Untangling Manhattan’s myriad market reports

TRD analyzed the variations in housing figures provided by top brokerages

Analyzing Manhattan Housing Market Reports

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Mind the gap? Each quarter brings reports from brokerages tracking Manhattan’s residential market — and each quarter there are unexplained gaps in those figures, painting a sometimes murky picture of the housing market.

In an attempt to reconcile some of these differences, The Real Deal analyzed the first quarter Manhattan market reports from the city’s top residential brokerages. To account for outliers and provide a more middle-of-the-road view, we introduced an aggregate figure across key metrics by averaging the numbers provided.

There was a consensus among the reports that the Manhattan housing market is inching towards equilibrium thanks to a combination of declining prices and rising sales volume. But, there were some wide variations in the numbers.

“They’ve never been consistent,” Jonathan Miller, head of appraisal firm Miller Samuel, said of the differences between the market reports. Miller, whose firm has worked on Douglas Elliman’s reports for decades, said that Elliman’s data, for example, includes sales by its brokers that have not yet appeared in property records. While this practice makes Elliman’s figures more accurate, it also makes it impossible to have uniformity across the reports.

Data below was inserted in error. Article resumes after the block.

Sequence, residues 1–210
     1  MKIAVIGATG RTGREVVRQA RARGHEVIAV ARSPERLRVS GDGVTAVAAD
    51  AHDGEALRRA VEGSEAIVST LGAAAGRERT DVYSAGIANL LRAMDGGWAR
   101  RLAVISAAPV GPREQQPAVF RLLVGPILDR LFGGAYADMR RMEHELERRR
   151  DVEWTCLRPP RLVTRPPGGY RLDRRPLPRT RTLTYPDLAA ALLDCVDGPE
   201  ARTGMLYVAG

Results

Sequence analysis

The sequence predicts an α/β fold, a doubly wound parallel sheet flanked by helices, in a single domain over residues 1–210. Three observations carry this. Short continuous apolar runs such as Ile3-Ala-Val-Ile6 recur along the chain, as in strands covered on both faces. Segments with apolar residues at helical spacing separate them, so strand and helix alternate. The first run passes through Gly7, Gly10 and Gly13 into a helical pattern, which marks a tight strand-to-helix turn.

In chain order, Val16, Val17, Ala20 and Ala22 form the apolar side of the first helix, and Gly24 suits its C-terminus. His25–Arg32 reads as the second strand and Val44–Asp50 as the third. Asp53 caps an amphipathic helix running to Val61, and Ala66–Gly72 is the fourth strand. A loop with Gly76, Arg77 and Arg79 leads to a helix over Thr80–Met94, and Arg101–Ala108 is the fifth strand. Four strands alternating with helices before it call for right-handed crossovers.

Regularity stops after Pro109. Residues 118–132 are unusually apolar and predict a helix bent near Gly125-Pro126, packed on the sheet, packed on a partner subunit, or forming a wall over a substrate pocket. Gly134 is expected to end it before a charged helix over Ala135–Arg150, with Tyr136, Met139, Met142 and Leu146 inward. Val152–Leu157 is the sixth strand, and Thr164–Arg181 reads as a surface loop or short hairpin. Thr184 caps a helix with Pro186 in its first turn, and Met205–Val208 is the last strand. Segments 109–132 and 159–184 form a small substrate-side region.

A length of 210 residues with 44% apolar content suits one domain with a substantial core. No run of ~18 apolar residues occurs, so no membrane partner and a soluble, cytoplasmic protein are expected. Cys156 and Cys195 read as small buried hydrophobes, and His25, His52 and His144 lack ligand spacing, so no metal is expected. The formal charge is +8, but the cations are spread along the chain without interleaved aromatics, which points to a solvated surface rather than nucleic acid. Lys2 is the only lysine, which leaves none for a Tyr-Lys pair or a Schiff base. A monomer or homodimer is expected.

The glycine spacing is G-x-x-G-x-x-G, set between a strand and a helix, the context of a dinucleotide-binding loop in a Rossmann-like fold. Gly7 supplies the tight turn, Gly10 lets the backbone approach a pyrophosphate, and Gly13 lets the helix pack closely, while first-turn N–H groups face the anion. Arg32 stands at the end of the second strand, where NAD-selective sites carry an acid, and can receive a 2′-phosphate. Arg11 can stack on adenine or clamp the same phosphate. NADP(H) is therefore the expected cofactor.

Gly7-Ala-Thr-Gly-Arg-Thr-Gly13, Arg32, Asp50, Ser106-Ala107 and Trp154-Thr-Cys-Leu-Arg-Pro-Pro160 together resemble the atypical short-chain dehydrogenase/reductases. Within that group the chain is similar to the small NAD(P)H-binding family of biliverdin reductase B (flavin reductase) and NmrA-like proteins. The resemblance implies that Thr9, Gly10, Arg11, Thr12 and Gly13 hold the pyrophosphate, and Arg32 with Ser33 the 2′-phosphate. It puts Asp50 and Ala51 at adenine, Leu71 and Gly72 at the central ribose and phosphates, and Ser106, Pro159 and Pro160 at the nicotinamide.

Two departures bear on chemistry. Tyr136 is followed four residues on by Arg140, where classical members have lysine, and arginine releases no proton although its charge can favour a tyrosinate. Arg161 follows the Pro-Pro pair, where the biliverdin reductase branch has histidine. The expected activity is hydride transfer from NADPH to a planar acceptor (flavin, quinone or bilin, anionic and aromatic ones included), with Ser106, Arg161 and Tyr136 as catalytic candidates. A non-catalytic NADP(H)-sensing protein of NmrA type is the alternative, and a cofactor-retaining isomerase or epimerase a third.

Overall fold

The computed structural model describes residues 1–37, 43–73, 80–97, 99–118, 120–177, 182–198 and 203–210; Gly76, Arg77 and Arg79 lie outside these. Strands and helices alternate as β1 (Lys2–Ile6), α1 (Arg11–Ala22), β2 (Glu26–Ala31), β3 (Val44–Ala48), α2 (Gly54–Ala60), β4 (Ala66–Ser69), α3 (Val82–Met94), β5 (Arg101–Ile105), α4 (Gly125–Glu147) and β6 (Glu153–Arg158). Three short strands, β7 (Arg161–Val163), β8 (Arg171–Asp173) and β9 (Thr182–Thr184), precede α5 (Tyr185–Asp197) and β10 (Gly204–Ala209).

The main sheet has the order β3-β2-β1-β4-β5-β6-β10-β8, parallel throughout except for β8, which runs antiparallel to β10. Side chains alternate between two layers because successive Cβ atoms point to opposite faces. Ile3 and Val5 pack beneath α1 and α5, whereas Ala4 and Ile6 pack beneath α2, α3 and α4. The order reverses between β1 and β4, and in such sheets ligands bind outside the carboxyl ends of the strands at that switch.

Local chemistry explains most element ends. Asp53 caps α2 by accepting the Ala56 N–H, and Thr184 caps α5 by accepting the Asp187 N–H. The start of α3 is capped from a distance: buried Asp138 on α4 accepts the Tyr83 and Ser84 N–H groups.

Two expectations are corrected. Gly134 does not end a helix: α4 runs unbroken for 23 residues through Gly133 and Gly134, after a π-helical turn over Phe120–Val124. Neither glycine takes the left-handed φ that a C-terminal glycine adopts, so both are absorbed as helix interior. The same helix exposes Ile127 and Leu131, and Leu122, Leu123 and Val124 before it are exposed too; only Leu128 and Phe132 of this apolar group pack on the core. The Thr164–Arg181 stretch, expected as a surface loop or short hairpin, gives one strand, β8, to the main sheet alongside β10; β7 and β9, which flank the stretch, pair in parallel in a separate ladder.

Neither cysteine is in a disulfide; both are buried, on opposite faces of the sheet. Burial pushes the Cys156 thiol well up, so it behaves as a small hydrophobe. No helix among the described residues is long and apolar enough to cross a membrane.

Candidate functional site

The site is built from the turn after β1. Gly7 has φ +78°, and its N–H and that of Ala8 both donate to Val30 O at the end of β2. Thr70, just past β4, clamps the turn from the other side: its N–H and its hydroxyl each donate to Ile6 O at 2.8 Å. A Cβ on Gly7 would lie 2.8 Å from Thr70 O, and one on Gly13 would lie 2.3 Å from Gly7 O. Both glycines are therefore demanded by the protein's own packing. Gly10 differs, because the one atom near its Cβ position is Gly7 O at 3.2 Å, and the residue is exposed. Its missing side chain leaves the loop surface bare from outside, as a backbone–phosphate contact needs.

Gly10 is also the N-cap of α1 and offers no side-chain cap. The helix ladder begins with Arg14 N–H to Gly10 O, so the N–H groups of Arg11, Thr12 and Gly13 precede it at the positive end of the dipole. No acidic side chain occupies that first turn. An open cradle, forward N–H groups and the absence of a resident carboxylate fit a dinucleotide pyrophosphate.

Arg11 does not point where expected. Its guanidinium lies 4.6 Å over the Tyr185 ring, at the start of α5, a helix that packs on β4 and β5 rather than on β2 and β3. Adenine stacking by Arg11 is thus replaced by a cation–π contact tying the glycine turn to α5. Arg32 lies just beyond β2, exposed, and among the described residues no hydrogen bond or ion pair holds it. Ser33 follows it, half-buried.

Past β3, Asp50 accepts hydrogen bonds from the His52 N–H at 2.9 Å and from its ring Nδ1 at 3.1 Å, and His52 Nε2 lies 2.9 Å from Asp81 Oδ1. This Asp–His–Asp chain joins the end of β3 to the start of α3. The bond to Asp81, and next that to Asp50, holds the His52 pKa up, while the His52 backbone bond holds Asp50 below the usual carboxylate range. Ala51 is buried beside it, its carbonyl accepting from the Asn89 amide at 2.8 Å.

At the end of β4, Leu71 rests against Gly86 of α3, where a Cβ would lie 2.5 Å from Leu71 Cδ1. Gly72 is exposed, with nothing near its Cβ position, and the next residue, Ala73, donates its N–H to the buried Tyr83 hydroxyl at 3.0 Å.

The aggregate number for the average price per square foot in Manhattan, for example, was at $1,389, with figures ranging from Serhant’s $1,290 to the Corcoran Group’s $1,524. The gap between the lowest and highest figures, which amounts to $234, represents a difference of 15.3 percent. Meanwhile, the aggregate number for the average price of a Manhattan apartment was at $1,717,892, with the gap between the lowest and highest figures at 9.4 percent.

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Still, some metrics are more consistent than most. The aggregate median price in Manhattan was at $1,075,000 and two firms — Elliman and Serhant — had the same figure.